It’s great that you take a daily multivitamin and greens supplement. However, did you know that you could still be missing out on valuable nutrients?
If you want to improve your overall health and well-being, you should consider adding more fiber and spice to your diet as well.
What are the benefits of fiber and spice? Find out below. You’ll also learn some of the best fiber and spice sources to add to your daily meals.
Benefits of Fiber
Fiber is an undigestible carbohydrate that cannot be broken down into sugar molecules. It’s known for increasing feelings of fullness and supporting digestion.
Fiber comes in two forms:
Soluble fiber dissolves in water. It helps lower blood glucose levels and cholesterol.
Insoluble fiber does not dissolve in water. It helps food move through the digestive system, promoting regularity and preventing constipation.
Benefits of Spices
Spices don’t just make your food taste better. Many of them also offer unique health benefits, including benefits related to digestion, blood sugar control, and cholesterol management.
Spices also contain anti-inflammatory and antioxidant compounds called phytonutrients. Phytonutrients strengthen the immune system, repair cellular damage caused by free radicals, and promote hormonal balance.
Best Sources of Fiber and Spice
Incorporating more fiber and a diverse array of spices into your diet is an excellent way to support your digestive system and promote more balance in the body. The key, though, is to choose the right ones.
The following are some of the most beneficial spices and fiber sources to consume:
Psyllium husk is a type of fiber. It comes from the husks of Plantago ovata seeds.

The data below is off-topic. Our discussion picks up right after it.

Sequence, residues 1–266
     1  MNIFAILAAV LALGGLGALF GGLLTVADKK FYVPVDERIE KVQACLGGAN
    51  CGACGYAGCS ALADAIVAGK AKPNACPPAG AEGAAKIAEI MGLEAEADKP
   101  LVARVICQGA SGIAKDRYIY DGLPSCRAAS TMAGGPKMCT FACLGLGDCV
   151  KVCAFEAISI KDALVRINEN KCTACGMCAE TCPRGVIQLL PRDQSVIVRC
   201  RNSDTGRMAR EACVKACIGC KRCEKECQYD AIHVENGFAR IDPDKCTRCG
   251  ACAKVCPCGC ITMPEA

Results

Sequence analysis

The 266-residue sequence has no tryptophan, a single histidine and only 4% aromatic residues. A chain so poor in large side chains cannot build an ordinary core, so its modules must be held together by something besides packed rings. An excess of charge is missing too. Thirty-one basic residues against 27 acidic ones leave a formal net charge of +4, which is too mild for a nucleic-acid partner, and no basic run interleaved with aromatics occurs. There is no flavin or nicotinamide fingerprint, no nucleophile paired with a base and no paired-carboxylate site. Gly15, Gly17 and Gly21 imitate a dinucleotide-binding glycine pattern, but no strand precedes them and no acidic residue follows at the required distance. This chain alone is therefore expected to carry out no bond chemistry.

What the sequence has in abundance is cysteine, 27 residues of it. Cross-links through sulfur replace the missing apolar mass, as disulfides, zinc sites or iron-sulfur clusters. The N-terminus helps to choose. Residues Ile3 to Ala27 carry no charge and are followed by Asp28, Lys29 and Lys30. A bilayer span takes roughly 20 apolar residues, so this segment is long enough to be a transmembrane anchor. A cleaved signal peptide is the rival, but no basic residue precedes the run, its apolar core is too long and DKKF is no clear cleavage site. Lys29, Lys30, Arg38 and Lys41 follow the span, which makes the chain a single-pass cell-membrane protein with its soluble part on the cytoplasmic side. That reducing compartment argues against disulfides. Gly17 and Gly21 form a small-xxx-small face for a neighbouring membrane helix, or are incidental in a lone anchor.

Psyllium husk is best known for promoting digestive health. It absorbs water in the digestive tract to improve bowel movements and regularity.
Psyllium also acts as a prebiotic. Prebiotics feed the colonies of probiotics that grow in the gut and supports better overall digestive health.
White Willow Bark
White willow bark has long been used for medicinal purposes. It contains a compound called salicin, which helps to reduce pain — it was even used in the 1800s to develop the popular pain-relieving drug aspirin.
White willow bark also contains anti-inflammatory compounds called flavonoids, which improve cellular health and support various systems throughout the body.
Cinnamon bark contains oils that reduce spasms and gas while also stimulating the appetite.
Cinnamon also contains antioxidants and anti-inflammatory compounds and is known for improving blood circulation and modestly lowering blood sugar.
Slippery Elm Bark
Slippery elm bark comes from the slippery elm tree, which is native to the United States and Canada. It is a demulcent, meaning it soothes the stomach and intestine lining to reduce irritation.
Some people with irritable bowel syndrome (or IBS), ulcerative colitis, and Crohn’s disease use slippery elm bark to reduce their symptoms.